Tuesday, January 12, 2021 at 12:00 to 01:30 PM

The Prenatal to Five Impact Collaborative is a peer group focused on learning together about the needs of pregnant women and families with children up to age 5 and how to best support them. This meeting will discuss advocacy and the roles philanthropy can play in systems change work. We’ll be hearing from Sara Watson who authored the Bainum Family Foundation Brief: “Creating Change Through Policy Advocacy”. We’ll also be hearing from Beth Morrow and Laura Weeldreyer about Maryland Family Network’s Early Childhood legislative priorities.

Tuesday, October 06, 2020 at 12:00 to 01:30 PM

Please join the Prenatal to Five Impact Collaborative for their second meeting to learn about Maryland State Department of Education’s Prenatal to Eight Strategic Plan and about the three year grant from Pritzker Foundation for Prenatal-to-Three efforts statewide and what role there is for private philanthropy in those efforts.

Tuesday, August 04, 2020 at 12:00 to 01:30 PM

Maryland Philanthropy Network is pleased to announce the formation of the Prenatal to Five Impact Collaborative (PN-5 Impact Collaborative). This group is for funders interested in learning together about the needs of pregnant women and families with children up to age 5 and how to best support them.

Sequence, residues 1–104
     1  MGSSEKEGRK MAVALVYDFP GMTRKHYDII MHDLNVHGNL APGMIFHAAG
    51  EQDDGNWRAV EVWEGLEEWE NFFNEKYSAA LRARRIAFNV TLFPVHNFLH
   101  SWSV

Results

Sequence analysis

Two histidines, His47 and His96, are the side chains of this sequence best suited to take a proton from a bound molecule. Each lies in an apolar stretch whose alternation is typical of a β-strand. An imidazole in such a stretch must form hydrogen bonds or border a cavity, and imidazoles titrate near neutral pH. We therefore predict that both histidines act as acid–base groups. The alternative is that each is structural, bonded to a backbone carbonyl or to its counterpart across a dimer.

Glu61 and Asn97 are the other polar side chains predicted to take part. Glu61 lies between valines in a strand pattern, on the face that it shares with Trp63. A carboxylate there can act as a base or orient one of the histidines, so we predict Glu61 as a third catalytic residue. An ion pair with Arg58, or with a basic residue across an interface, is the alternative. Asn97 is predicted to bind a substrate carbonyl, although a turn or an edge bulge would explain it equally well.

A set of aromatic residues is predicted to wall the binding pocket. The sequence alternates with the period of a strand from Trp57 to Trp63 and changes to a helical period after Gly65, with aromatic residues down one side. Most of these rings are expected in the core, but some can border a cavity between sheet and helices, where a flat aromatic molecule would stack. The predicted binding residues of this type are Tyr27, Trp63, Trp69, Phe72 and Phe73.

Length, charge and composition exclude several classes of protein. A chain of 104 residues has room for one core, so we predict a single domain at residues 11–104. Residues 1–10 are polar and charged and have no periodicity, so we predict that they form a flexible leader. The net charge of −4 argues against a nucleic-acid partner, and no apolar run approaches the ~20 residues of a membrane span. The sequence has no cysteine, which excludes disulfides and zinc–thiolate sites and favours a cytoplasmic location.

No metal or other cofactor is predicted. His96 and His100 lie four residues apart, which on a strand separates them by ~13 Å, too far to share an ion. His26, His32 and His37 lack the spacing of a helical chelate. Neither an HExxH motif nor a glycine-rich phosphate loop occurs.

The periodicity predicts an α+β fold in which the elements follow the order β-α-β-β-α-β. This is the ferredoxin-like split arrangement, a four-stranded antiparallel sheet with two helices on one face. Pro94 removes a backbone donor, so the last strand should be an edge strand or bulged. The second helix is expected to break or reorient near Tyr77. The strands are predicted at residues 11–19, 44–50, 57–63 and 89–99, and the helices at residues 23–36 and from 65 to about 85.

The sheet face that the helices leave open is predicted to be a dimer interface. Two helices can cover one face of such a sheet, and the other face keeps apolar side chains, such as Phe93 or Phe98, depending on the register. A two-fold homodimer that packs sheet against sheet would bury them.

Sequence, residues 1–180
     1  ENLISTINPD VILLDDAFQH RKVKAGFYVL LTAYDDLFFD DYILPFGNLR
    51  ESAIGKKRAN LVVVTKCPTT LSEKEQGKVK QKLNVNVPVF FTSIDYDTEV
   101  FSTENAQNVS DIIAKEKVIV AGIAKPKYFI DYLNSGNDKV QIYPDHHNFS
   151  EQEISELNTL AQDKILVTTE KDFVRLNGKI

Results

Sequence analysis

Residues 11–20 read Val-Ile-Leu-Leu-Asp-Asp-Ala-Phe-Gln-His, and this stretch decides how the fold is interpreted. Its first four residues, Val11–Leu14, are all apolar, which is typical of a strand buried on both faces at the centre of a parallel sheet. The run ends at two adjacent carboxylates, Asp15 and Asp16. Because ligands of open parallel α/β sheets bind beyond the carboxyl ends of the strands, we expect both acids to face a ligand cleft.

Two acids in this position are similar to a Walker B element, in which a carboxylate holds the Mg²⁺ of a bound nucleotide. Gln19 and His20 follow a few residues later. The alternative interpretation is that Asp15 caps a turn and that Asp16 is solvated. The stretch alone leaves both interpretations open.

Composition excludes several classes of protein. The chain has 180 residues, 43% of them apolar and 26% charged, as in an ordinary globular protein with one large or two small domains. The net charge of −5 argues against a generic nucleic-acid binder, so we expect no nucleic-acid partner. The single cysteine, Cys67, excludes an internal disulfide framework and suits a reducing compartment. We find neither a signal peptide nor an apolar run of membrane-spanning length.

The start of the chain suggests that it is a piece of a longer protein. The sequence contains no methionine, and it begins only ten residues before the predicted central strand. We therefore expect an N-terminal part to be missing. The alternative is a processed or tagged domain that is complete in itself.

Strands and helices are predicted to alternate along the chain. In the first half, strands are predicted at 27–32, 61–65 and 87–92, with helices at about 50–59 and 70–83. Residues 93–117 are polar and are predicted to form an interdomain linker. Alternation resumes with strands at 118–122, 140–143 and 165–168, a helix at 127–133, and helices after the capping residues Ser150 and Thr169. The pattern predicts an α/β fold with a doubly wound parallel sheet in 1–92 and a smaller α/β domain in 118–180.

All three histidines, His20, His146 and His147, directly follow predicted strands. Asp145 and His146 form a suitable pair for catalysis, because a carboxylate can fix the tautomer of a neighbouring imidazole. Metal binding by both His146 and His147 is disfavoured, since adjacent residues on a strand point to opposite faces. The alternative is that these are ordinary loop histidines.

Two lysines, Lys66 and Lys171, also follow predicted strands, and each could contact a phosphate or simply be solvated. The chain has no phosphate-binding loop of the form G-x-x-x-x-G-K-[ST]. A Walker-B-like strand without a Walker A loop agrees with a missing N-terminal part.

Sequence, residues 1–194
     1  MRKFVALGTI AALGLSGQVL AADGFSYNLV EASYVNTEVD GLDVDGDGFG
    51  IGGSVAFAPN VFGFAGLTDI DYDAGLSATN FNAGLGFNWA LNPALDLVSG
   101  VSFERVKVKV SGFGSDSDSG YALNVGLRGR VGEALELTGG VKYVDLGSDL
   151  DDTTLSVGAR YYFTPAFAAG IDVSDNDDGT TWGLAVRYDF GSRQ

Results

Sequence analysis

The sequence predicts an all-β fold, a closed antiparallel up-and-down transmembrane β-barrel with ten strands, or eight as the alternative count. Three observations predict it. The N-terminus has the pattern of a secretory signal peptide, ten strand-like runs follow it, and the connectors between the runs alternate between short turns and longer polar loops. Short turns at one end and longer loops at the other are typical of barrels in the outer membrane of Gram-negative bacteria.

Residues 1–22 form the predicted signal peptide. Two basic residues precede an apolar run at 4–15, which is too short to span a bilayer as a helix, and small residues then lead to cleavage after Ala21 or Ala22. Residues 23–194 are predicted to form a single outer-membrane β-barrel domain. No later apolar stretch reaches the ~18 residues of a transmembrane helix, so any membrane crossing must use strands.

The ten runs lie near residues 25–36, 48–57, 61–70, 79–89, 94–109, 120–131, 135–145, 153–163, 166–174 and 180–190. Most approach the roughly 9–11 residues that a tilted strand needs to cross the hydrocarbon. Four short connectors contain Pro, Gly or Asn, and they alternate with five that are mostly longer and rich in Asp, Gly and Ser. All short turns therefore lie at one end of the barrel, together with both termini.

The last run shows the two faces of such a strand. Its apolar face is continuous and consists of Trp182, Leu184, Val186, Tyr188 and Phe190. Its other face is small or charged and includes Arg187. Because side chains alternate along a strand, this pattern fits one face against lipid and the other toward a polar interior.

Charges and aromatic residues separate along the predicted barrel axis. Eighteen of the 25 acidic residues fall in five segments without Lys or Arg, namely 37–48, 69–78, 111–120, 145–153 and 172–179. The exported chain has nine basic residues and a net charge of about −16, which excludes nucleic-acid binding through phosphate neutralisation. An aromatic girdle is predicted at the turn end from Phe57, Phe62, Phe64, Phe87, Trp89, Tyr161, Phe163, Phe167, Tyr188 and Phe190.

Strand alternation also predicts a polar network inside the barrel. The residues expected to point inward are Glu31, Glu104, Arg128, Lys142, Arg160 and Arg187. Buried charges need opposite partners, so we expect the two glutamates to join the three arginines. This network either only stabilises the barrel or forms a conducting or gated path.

Thursday, July 16, 2020 at 09:00 to 10:30 AM

Join us for a conversation that will discuss the Baltimore Education Research Consortium (BERC)’s decade long study of post-secondary educational and workforce outcomes of Baltimore City high school graduates and the recent publication of the Baltimore College Fact Book. The conversation will also focus on the work of BERC over the last 14 years and opportunities for continued impact with the recent expansion of the consortium to include 10 new Maryland colleges and universities.

Wednesday, July 10, 2019 at 12:00 to 01:30 PM

Maternal and child health outcomes are determined by a complex series of social and environmental factors. As well, disparities in maternal and child health outcomes exist along racial and socioeconomic lines.

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